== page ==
Author: Adrian Goldsworthy
Publisher: Hachette UK
Release Date: 2013-04-18
From the very beginning, Caesar's story makes dazzling reading. In his late teens he narrowly avoided execution for opposing the military dictator Sulla. He was decorated for valour in battle, captured and held to ransom by pirates, and almost bankrupted himself by staging games for the masses. As a politician, he quickly gained a reputation as a dangerously ambitious maverick. By his early 30s he had risen to the position of Consul, and was already beginning to dominate the Senate. His affairs with noblewomen were both frequent and scandalous. His greatest skill, outside the bedroom, was as a military commander. In a string of spectacular victories he conquered all of Gaul, invaded Germany, and twice landed in Britain - an achievement which in 55BC was greeted with a public euphoria comparable to that generated by the moon landing in 1969. In just thirty years he had risen from a position of virtual obscurity to become one of the richest men in the world, with the power single-handedly to overthrow the Republic. By his death he was effectively emperor of most of the known world.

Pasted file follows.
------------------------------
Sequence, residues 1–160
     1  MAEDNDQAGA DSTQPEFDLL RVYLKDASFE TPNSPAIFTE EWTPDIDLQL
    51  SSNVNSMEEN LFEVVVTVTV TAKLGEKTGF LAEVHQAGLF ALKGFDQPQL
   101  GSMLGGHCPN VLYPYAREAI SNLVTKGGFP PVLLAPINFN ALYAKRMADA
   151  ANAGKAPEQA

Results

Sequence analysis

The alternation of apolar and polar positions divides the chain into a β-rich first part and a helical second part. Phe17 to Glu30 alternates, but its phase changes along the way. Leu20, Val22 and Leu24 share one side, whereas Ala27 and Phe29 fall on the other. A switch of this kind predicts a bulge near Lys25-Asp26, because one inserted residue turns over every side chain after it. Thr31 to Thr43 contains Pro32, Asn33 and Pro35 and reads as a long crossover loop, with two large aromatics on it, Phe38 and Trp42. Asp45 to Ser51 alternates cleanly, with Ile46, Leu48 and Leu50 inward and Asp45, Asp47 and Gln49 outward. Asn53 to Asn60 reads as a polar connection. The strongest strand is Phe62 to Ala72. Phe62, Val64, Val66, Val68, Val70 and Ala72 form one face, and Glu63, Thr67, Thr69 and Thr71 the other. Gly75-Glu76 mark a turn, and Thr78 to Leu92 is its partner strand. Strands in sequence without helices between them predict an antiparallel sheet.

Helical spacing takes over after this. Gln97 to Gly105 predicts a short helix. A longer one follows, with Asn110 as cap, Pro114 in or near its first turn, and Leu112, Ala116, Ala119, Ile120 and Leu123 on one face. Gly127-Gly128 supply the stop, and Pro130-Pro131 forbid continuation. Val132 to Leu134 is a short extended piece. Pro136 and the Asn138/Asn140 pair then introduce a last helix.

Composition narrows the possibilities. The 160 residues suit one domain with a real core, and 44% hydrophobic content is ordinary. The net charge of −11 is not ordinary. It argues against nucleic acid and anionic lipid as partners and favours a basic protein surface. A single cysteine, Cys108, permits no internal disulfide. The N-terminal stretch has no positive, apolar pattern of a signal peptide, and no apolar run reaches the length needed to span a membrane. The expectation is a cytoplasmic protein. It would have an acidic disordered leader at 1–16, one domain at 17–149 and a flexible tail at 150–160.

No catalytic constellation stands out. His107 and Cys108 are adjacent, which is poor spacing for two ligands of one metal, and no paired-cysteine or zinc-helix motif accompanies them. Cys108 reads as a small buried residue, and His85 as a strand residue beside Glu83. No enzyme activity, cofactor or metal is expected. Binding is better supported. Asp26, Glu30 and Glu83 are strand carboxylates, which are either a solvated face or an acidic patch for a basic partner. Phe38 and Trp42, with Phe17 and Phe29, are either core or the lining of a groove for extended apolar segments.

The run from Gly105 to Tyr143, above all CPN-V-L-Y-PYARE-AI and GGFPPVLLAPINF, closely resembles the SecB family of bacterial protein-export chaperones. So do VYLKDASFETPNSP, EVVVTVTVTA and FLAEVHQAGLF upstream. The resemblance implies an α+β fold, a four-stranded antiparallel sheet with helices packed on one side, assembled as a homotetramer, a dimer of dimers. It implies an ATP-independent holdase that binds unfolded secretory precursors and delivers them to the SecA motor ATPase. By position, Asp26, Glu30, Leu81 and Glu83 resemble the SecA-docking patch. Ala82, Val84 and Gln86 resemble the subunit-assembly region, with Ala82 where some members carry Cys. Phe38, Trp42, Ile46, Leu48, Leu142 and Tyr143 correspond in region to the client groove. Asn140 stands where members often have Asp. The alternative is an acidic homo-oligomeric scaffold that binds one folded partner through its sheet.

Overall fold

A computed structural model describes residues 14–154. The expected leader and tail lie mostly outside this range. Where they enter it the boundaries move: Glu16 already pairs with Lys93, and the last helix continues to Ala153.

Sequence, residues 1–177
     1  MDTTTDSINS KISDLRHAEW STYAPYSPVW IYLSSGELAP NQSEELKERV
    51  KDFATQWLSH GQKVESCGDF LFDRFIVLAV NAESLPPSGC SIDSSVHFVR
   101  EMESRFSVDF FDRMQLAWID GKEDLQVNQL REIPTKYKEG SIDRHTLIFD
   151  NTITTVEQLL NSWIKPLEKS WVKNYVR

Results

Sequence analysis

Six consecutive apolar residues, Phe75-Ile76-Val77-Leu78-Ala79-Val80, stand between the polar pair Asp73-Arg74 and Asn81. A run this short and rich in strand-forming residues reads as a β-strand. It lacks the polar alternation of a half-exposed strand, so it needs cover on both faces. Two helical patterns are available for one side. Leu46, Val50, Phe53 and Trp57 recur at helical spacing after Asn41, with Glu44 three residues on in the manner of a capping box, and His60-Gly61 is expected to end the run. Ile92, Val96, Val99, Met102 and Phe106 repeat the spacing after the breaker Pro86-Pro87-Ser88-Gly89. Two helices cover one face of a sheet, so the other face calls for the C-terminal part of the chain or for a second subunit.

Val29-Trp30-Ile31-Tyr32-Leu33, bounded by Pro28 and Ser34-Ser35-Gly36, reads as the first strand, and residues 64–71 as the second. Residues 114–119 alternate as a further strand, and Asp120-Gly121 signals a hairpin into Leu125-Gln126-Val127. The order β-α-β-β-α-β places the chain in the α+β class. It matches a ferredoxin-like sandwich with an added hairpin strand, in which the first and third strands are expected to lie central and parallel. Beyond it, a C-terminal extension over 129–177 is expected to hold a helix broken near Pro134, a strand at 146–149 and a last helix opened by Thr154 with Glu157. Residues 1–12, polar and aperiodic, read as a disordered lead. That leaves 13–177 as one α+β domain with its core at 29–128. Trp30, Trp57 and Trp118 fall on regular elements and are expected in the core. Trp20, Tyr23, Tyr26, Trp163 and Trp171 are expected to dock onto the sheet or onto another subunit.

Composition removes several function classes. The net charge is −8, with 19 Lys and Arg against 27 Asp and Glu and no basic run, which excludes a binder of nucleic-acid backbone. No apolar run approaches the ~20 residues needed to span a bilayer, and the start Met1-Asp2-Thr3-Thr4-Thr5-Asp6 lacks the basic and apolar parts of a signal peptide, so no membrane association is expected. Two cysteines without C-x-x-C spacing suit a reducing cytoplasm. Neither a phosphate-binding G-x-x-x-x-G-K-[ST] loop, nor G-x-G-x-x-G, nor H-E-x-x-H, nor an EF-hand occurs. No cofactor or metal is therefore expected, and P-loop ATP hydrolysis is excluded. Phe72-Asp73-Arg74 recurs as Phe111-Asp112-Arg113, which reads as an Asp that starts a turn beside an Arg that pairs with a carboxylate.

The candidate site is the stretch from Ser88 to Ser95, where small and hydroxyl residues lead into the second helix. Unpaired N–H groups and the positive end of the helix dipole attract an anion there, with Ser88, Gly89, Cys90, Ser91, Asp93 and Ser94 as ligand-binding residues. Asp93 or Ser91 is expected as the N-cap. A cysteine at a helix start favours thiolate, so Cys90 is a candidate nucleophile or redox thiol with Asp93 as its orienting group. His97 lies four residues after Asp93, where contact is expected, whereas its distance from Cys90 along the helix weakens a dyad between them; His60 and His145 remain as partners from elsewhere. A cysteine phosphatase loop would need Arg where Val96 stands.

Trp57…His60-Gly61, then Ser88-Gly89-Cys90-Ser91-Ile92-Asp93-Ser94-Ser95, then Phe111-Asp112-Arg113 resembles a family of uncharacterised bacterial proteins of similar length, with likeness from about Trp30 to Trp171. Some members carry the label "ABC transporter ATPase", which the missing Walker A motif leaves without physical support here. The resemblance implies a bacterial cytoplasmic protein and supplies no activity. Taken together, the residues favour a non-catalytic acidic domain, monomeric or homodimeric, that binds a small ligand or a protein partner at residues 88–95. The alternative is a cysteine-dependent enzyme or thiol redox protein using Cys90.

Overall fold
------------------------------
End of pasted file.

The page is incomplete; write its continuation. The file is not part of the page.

Author: Adrian Keith Goldsworthy
Release Date: 2006
Genre: Biography & Autobiography
The first major biography in decades examines the full complexity of Julius Caesar's character in an incisive portrait that shows why his political and military leadership continues to resonate two thousand years following his death.
Author: Miriam Griffin
Publisher: John Wiley & Sons
Release Date: 2009-04-29
A Companion to Julius Caesar comprises 30 essays from leading scholars examining the life and after life of this great polarizing figure. Explores Caesar from a variety of perspectives: military genius, ruthless tyrant, brilliant politician, first class orator, sophisticated man of letters, and more Utilizes Caesar’s own extant writings Examines the viewpoints of Caesar’s contemporaries and explores Caesar’s portrayals by artists and writers through the ages
Author: Barry Strauss
Publisher: Simon and Schuster
Release Date: 2015-03-03